• D_Wall__

    Going to check my bill right now…

  • mreveryphone

    Checking bill… Unchecking AUTOPAY!!!

    • JoeDaniel

      this has nothing to do with auto-pay, it’s when you give another company the right to bill your t-mobile account.

      • mreveryphone

        Oh I know… There’s nothing wrong with being safe these days

        • JoeDaniel

          True, I mean I don’t like doing auto pay either, but partially because I don’t always have the money lol… but it’s good incase you do get fraudulent charges.. you could always set reminders on your phone in something like Google Calendar if you forget, or just get e-mail alerts lol

    • Adrayven

      It’s not t-mobile directly, it’s another company that gets initial approval to charge you FROM YOU.. They make it sound like T-mobile did it, but it’s not.. and my understanding T-mobile was already moving to put a stop to it..

      I’ve never let anything use SMS for any pay-service.. so I’ve never had an issue.

      What really they are after is the ‘profit’ amount t-mobile got from these services from the past. Seriously, this is a political grab really.. most of the people they are ‘hoping to refund’ probably won’t see much of it back. Ironicly, they won’t be going for the thieves themselves.. the free horoscope and movie texting companies themselves..

      Why? because they closed up shop with money in hand and all the FTC can do is blame T-mobile.. ANY prepay phone is subject to this issue though.. not just T-mobile..

      • Roger Sales

        The thing is, a lot of apps that have fees associated with subscription often have free trials that people end up using, and they make it clear that if you do not explicitly cancel they will start billing after the free trial. That ends up being these “bogus” charges – customers that don’t have foresight as to what they are doing on their phone when they use certain apps even temporarily.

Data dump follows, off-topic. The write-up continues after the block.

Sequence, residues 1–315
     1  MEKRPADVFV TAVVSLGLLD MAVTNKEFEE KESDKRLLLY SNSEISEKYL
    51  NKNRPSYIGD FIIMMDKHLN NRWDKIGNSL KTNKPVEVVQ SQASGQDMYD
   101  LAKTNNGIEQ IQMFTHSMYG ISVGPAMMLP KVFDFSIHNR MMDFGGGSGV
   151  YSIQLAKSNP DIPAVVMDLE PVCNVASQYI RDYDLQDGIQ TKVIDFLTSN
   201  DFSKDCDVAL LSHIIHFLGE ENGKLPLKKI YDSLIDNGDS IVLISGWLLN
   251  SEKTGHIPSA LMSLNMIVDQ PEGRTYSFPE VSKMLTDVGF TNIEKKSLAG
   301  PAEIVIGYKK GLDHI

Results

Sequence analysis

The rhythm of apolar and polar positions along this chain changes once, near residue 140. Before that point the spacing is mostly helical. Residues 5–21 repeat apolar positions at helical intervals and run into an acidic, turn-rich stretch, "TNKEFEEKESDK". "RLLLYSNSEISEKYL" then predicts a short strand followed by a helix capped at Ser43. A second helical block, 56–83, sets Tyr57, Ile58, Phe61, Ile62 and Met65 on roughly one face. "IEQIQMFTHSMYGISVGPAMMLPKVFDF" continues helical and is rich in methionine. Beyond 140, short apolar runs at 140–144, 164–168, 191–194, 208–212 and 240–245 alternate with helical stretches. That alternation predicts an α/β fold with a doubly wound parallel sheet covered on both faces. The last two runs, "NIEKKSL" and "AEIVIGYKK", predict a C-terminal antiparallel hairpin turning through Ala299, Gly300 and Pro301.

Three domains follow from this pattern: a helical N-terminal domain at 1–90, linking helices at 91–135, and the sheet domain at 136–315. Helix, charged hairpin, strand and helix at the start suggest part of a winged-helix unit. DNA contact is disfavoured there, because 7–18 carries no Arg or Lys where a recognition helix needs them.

• kalel33

          I used to see these premium SMS all the time and what you describe was never an issue with customer’s bills. I’m sure they’re out there but what you state is only 1% of premium SMS.

      • Tina

        These charges come from places like the ones that tell you text ###### to ###### for a ring tone. if u go to the site directly, you will see the fine print, if u send one text you are authorizing the whatever monthly charge is. This is what is charged on your phone bill every month. In short, dont download any crazy frog ring tones, lol!

      • kalel33

        They don’t get permission from you in many cases. I had one on my T-mobile home phone and it didn’t even get text messages.

  • JoeDaniel

    I can’t tell you how many people call my bank yelling about debit card charges they just forgot about, it is BS in most cases… most of the time they just yell that it’s fraud and when I tell them where the charge is from they say “oh ok”… problem is it shows on your bill so much later that it’s easy to forget, especially when it just shows up as “premium services”… I use this to link to the stores on my PS3 and PS4 so I don’t have to link a credit card and I really like having that ability… I mean there’s always some legitimate fraud going on, no doubt, but most of the time this is people just being unaware and immediately blaming T-Mobile for it… Meanwhile people who enjoy the service are going to suffer now because of it… They should just make people opt-in to have the ability!

  • Rick

    Every carrier has, is, or will go through this. Subscription services for third parties, their own partners, etc. plague the industry and have since the beginning of SMS. If the FTC can show that TMO is doing this deliberately (extending or renewing either ignoring subscriber instructions or knowingly letting billers reinstate without authorization) then there will be some embarrassment, but most of these premium services are either pure scams or rely on inattention. SMS premiums in particular are commonly found when a user installs an app that quietly enrolls them, whether disclosed or not.